The Board of Control for Cricket in India picked a fine Under-19 side, and importantly, gave the boys enough time and tournaments to bond as a competitive team.
By Suresh Menon
The Board of Control for Cricket in India has got one part of it right. They picked a fine Under-19 side, and importantly, gave the boys enough time and tournaments to bond as a competitive team. Now comes the tough part – ensuring that the talent is not wasted. Nurture is crucial.
Ian Chappell might be convinced that at least two players – skipper Unmukt Chand and left arm spinner Harmeet Singh – are ready for international cricket, but the Board must make haste slowly. They have got it wrong in the past, pushing players into big company and then being forced to repent at leisure. The list of talented under-19 players who failed to make the grade is a long one; not every case is the Board's fault, but there is something to be said for the long-term view and for providing the right atmosphere.
Still, for the first time since the disastrous tours of England and Australia, there is an air of positive energy around Indian cricket, and that is only partially due to the ease with which Mahendra Singh Dhoni's men beat New Zealand. The arrival of Cheteswar Pujara as a batsman to reckon with – the real test will come in South Africa next year – and the anticipation with which Unmukt Chand's career will be followed from here on have contributed to this new energy.
Over the next three or four years, the national team will wear a different look. The Tendulkar generation (and the one that followed immediately) will have bowed out, another World Cup would have come and gone, and those who have shown promise today will be expected to deliver then. India, who have been wondering where the next big batsman or spinner might emerge from have been provided some pointers. But there is a lot of work ahead.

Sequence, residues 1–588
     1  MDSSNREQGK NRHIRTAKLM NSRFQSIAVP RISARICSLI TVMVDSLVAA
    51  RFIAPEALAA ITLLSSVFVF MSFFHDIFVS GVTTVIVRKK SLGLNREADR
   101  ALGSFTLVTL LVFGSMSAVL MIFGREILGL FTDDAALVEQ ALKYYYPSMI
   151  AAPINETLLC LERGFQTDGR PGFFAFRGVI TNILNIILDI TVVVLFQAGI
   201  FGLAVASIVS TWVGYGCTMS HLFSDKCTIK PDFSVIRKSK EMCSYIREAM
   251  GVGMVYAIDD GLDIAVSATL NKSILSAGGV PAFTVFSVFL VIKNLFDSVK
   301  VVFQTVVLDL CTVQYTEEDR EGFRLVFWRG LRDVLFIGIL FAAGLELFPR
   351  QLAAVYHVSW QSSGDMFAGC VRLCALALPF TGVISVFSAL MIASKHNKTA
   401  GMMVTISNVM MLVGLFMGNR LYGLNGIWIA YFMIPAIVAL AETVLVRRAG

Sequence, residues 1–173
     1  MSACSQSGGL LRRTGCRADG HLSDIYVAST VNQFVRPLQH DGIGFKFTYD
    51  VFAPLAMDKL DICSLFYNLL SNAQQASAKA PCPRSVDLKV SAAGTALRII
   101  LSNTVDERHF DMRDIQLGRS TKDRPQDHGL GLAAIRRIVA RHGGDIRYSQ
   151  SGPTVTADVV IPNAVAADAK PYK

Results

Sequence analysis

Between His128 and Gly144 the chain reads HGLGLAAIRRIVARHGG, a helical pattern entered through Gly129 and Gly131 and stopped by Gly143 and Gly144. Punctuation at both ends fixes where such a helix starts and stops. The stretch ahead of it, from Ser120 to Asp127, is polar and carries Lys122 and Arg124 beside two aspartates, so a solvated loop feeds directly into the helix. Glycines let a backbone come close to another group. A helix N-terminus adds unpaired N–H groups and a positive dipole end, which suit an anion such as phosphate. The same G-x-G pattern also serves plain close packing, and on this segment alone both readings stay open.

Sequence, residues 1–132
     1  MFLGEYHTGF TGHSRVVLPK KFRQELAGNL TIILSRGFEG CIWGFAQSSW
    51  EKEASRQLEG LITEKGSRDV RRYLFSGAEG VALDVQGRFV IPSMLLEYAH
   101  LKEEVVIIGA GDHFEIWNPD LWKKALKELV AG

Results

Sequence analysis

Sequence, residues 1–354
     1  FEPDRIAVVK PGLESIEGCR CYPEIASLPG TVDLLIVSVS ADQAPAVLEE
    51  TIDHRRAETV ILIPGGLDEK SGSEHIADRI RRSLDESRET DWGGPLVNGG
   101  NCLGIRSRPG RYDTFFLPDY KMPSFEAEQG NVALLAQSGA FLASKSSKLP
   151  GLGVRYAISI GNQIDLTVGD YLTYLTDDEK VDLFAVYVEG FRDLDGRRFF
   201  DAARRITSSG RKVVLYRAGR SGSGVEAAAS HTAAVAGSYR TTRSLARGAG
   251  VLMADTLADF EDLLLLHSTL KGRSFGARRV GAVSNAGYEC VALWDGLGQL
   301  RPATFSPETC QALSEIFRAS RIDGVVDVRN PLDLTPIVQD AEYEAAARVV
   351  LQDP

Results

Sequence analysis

Overenthusiasm from the selectors and a refusal to allow the young talent to grow organically through Ranji Trophy and other first class cricket will be the biggest hurdles on the path of the natural evolution of talent. There is nothing wrong with teenagers making their Test debut – the great spinners Chandrasekhar, Bedi, Venkatraghavan, Prasanna, Kumble, Harbhajan all played Test cricket in their teens or immediately after – and if a player is ready, he is ready.
But in today's atmosphere, where T20 cricket and excessive touring and lopsided results brought on by home conditions tend to skew a player's achievement, it is the responsibility of the selectors and the cricket board to ensure that neither the players nor the administrators lose sight of priorities. Both sets of people will have to learn to deal with the IPL. It cannot be wished away, it is a tournament that is here to stay and will remain a part of the calendar. Like the sirens which tempted Ulysses, the IPL will sing the song of dollars, and careers will depend on how youngsters react to it or are allowed to react to it.
Chappell has pointed out that keeping a player hanging around for too long can be counterproductive. So too can the reverse – pushing him into it too early. It is a judgement call, and this is where the selectors earn their fees. Some players are ready at 19; others will need a few more years. Tendulkar, for instance, was ready at 16; Dravid only at 23. Selectors must recognise this difference, and guard against being carried away by the national sentiment and the brouhaha that usually follows a tournament triumph as the one in Australia.
Generally, the age-group tournaments in India have shown that the path is smooth, even logical till a player is 19 or 20, and then come the big jumps. To adapt the late Neil Armstrong, a small step for a boy is followed by a giant leap for a man. From the under-19 to the Ranji level is one step, and from there to the Test level is another, much bigger one. Those with long careers served their apprenticeship well, and that is no coincidence.